Evan Arnold, Youth Voices Contributor
Editor’s note: This post by Northview High Senior Evan Arnold first appeared on fast growing media as part of voice of youth series. Youth Voices is a paid journalism opportunity that raises youth awareness of community issues and solutions. Kent ISD is a sponsor of Youth Voices. The School News Network accepts student contributions from a variety of sources.
This year’s Super Bowl XVII halftime show put famed singer Rihanna and deaf American Sign Language interpreter Justina Miles in the spotlight.However, during the 13-minute show, viewers had to access other sources to watch Interpreted by Justina MilesMiles still captivates audiences as clips and videos of her expressive signature explode on platforms like TikTok and Instagram, quickly becoming popular across the country. In addition to Miles’ performance, this year’s Super Bowl XVII also featured revered deaf actor and Academy Award winner Troy Kutsor, who interpreted the national anthem.
These performances quickly generated mutual interest among the deaf and hearing communities.
Why is it necessary to find alternative sources to provide equal access during performances for all? Also, how can our Grand Rapids community continue to bridge communication gaps during performances?
according to detroit news, Michigan has approximately 633,000 residents who are hard of hearing, of whom approximately 46,000 are identified as deaf. These numbers not only simply illustrate the size of the community, but reiterate the large population within our community who may need access to interpreters.
Gisel Gallarzo, a sophomore at Northview High School who is part of the deaf community, said that for those who need an interpreter at an event, it is their personal responsibility to find one through an outside organization. Once they request a translation and it is approved, the organization arranges for the translation to appear. Finally, after completing the process of setting up an interpreter, those requesting accessibility must rely on the interpreter’s responsibility to arrive on time.
In all cases, the process of gaining access to an interpreter can be laborious, but luckily, organizations such as Deaf and Hard of Hearing Services (DHHS) Help this process within our community. Even with the organization’s assistance, Grand Rapids’ performing arts scene still lacks interpretation services.
In discussing the coverage of translations during these performances, Gallarzo described how “it just couldn’t provide the same communication and experience without the presence of a translator.”
Overall, she emphasized the importance of interpreters in the performing arts because ultimately, “I don’t want us to be alone, I want us to work together.”
Marie DeRegnaucourt, an American Sign Language teacher at Northview High School, said that while she has seen interpreters at concerts and sporting events, coverage of interpreters at other performance events can be somewhat limited.
“Flashback to Super Bowl XXVII,” DeRegaucourt said. “Actress Marlee Matlin sang the national anthem with singer Garth Brooks. Matlin shared the stage with Brooks during the performance; it hasn’t been copied since – why? ”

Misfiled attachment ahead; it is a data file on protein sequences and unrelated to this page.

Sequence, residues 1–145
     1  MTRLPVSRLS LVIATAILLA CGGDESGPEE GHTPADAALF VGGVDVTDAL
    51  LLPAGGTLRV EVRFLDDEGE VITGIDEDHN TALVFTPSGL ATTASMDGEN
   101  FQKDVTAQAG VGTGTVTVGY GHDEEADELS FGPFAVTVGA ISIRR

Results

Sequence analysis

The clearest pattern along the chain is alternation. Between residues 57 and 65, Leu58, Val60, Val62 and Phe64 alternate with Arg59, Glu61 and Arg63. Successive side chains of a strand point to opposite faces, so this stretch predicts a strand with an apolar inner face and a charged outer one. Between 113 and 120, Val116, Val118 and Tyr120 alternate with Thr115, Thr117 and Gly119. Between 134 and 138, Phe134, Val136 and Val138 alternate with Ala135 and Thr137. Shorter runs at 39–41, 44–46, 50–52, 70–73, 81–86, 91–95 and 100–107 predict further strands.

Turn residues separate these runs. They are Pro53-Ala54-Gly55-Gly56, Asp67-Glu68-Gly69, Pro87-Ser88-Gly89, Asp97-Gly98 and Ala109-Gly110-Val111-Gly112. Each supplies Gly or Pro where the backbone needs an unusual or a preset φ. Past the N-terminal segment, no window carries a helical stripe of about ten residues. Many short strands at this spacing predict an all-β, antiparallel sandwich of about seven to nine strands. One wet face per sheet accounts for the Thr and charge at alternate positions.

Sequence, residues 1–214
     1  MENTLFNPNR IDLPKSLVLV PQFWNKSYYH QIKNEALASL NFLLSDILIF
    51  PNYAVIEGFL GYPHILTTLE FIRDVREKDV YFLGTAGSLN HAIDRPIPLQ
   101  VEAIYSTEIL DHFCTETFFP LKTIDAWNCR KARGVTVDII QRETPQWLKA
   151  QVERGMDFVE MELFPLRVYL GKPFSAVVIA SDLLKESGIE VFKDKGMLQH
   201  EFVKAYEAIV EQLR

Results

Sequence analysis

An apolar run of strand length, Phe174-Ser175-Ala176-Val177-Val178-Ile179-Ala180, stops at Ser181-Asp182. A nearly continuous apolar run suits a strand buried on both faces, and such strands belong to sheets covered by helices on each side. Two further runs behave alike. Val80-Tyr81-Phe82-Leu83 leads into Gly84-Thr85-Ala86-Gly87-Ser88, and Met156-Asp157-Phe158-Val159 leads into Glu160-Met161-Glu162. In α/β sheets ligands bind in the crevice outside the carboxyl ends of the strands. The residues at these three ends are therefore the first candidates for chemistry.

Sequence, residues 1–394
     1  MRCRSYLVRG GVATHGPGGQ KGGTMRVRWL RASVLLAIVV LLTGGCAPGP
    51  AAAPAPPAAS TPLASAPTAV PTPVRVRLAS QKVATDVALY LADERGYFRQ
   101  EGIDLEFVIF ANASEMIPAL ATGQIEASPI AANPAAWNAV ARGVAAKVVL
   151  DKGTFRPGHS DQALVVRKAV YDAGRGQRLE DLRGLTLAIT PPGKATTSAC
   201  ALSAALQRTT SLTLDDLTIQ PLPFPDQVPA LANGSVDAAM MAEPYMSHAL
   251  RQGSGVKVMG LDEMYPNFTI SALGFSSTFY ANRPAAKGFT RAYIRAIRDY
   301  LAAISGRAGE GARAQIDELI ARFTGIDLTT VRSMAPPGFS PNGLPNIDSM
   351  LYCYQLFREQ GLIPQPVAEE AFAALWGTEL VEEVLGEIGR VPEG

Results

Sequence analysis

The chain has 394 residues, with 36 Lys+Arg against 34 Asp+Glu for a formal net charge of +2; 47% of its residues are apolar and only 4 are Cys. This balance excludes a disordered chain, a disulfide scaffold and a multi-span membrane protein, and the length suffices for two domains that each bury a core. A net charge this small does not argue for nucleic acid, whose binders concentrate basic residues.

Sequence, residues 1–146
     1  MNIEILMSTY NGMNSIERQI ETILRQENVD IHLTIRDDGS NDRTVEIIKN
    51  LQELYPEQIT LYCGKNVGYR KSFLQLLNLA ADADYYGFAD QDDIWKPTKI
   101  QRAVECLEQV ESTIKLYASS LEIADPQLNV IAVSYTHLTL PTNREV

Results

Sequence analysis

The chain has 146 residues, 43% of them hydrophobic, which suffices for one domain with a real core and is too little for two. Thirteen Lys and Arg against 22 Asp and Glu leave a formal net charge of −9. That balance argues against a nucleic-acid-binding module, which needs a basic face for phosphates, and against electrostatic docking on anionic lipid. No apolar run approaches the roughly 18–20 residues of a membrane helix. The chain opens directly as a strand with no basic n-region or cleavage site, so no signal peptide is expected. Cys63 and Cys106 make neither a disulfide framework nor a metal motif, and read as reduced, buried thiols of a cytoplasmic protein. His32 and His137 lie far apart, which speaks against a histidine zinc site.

To address this issue himself, DeRegnaucourt partnered with Northview High School’s drama department to create an immersive experience for those who are deaf or hard of hearing during the final rehearsal of the musical Matilda this past March.
“It’s definitely an experience I’ll do again because everyone got so much out of it,” she said.
Unfortunately, a nationwide shortage of interpreters adds to the challenge of improving access. In 2021, there are 69,400 interpreter jobs – Reflects the number of filled and vacant positions. However, to have some perspective on the shortage, Deaf Interpreters Registry Only about 10,000 ASL interpreters in the United States are listed.
DeRegnaucourt said she “would like to have more interpreters at these events, but it’s always been hard to find coverage, so the available interpreters work double.”
A Grand Rapids organization is improving accessibility
No matter what challenges our communities face, there are a number of organizations dedicated to providing equal opportunity – one of which is Grand Rapids Civic Theater.
In its 97th season, the Grand Rapids Civic Theater offers interpreted screenings on the second Saturday of each show. The goal is to make theater more accessible to everyone.
Jessica Burke, Director of Audience Experience at the Grand Rapids Civic Theater, explained that the biggest way to achieve accessibility is to analyze the theater’s current programming in terms of how it serves the community.
“[We then] Finding out how we can better serve them,” Burke said.
A large part of Grand Rapids Civic’s accessibility efforts focuses on providing solutions before people need to ask, and providing an engaging and inclusive experience for everyone.
For the next step, Burke would like to see “more volunteers who can sign up… so we can provide a more cohesive experience.”
Overall, the Civic Theater of Grand Rapids is primarily focused on providing the most enjoyable experience possible for everyone; there has been a lot of support for these performances since their inception.
However, their work on accessibility is far from over, with Burke expressing a desire to “continue to create a welcoming environment for everyone.”
learn more about Voice of Rapidly Growing Youth project and read other articles in this series.This series was made possible through underwriting sponsorship Steelcase Foundation, Frey Foundationand kent press office.
Northview High School senior Evan Arnold is currently studying American Sign Language and plans to study as an ASL interpreter at the Rochester Institute of Technology (RIT) in upstate New York after graduating this May.
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